Joshua Tree National Park Cowboys

Cattle grazed throughout the park from the 1870s until 1945. The grazing ratio was about one adult animal to 17 acres. Old-timers noted that the grass was tall and abundant. The cattle companies located springs, dug wells, and developed rainwater impoundments called tanks, which can be seen today at places like White Tank and Barker Dam.

In the early years the desert was open range and cattlemen moved their animals seasonally from one area to another in search of adequate food and water. In those days, if you were a cowpuncher, you had a pair of chaps, a horse and a pack horse, a bedroll, salt, staples, a six-shooter, and a big chew of tobacco. according to Jim Hester, an early area cowboy.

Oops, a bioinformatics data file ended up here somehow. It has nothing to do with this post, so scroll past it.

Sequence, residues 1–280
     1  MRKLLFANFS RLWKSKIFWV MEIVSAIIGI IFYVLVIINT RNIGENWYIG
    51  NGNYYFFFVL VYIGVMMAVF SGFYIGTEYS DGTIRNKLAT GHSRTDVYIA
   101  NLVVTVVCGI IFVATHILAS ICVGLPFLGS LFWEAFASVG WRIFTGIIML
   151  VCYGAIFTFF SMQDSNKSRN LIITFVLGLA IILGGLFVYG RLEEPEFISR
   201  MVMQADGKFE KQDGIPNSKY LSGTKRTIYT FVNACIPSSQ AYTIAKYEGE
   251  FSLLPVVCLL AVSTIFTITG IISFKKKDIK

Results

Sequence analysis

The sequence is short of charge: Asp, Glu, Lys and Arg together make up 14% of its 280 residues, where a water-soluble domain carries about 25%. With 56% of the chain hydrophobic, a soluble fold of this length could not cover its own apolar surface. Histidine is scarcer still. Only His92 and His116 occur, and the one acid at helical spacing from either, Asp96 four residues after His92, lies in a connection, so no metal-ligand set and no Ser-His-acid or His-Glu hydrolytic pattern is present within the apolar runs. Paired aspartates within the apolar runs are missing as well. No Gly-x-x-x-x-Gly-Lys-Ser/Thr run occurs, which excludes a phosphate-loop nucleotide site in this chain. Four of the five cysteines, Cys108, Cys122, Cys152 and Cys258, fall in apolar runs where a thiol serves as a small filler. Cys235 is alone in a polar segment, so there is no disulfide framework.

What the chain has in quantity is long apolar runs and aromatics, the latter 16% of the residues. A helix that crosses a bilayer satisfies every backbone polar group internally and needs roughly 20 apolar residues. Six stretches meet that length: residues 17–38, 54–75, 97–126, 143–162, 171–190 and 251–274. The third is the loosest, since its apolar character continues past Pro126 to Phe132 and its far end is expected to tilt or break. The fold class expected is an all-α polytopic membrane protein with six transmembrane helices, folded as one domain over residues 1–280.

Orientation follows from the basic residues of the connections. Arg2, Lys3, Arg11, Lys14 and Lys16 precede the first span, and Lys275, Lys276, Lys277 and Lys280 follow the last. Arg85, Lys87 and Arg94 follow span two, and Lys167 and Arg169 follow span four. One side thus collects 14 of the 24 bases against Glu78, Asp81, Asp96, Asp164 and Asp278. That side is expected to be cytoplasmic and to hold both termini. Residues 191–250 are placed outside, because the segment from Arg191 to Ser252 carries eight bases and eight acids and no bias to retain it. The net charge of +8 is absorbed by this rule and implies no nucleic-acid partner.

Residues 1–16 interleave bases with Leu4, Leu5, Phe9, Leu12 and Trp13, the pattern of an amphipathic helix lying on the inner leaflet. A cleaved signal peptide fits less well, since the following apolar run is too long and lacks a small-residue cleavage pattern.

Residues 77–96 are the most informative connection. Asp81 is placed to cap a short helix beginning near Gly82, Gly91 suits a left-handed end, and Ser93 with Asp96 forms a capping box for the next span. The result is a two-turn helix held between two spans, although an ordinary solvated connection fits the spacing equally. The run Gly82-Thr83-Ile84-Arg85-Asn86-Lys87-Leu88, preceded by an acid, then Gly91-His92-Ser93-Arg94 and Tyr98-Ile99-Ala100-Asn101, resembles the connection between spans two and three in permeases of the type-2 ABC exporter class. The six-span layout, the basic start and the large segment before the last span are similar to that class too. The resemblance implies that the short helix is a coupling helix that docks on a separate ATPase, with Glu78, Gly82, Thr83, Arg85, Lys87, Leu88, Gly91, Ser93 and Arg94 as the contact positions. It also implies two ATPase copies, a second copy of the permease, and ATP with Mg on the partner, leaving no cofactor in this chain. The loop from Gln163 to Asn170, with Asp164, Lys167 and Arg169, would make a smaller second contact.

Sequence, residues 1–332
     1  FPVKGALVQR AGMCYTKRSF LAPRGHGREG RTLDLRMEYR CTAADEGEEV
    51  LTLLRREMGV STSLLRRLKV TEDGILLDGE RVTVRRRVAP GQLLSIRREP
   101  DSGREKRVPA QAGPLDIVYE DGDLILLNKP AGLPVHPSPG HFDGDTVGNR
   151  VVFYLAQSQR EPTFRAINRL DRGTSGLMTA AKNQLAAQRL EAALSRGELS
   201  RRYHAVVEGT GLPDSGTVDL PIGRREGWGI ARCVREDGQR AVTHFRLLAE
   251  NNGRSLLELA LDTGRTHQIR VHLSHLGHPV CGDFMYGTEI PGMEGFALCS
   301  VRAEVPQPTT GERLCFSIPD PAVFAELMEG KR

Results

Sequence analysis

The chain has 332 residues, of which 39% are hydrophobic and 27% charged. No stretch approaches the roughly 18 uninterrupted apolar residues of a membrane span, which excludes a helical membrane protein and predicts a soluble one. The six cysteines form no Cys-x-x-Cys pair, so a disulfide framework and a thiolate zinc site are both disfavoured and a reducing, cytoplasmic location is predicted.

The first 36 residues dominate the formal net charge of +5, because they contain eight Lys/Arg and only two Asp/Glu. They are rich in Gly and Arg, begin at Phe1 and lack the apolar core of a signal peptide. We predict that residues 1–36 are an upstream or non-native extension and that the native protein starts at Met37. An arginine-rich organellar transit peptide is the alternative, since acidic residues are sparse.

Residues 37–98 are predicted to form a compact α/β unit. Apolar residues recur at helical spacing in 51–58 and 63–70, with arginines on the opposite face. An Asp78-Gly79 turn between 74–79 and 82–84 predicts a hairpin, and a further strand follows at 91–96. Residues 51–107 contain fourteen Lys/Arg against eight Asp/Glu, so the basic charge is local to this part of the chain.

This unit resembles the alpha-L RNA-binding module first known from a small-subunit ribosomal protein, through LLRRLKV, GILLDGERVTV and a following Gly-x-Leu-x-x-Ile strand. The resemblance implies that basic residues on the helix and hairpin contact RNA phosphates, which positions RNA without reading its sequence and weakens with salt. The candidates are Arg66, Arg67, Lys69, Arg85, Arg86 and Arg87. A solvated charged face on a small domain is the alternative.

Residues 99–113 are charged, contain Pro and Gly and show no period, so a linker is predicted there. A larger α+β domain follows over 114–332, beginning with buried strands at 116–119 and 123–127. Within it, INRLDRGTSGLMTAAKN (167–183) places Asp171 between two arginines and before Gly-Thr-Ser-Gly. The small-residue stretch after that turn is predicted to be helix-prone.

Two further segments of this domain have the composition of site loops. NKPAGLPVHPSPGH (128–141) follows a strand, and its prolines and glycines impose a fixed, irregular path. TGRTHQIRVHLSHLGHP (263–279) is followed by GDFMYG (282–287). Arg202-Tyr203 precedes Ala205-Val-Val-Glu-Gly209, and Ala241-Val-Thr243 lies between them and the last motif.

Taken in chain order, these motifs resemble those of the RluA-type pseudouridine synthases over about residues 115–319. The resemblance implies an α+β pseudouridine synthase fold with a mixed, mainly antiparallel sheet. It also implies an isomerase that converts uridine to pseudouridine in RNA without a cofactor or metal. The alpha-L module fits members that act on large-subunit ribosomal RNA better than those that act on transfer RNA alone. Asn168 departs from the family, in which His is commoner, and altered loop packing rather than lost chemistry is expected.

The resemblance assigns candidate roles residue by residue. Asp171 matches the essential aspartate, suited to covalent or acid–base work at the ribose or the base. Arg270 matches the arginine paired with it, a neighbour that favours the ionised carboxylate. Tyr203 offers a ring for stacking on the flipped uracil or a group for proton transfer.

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Featured Park
Two deserts, two large ecosystems whose characteristics are determined primarily by elevation, come together at Joshua Tree National Park. The Colorado Desert encompasses the eastern part of the park and features natural gardens of creosote bush...
Featured Wildlife
Maine ocean islands provide the only nesting sites for Atlantic puffins in the United States. Eastern Egg Rock in the midcoast region, Seal Island and Matinicus Rock at the mouth of Penobscot Bay, and Machias Seal Island and Petit Manan Island off the downeast coast provide habitat for more than 4,000 puffins each summer.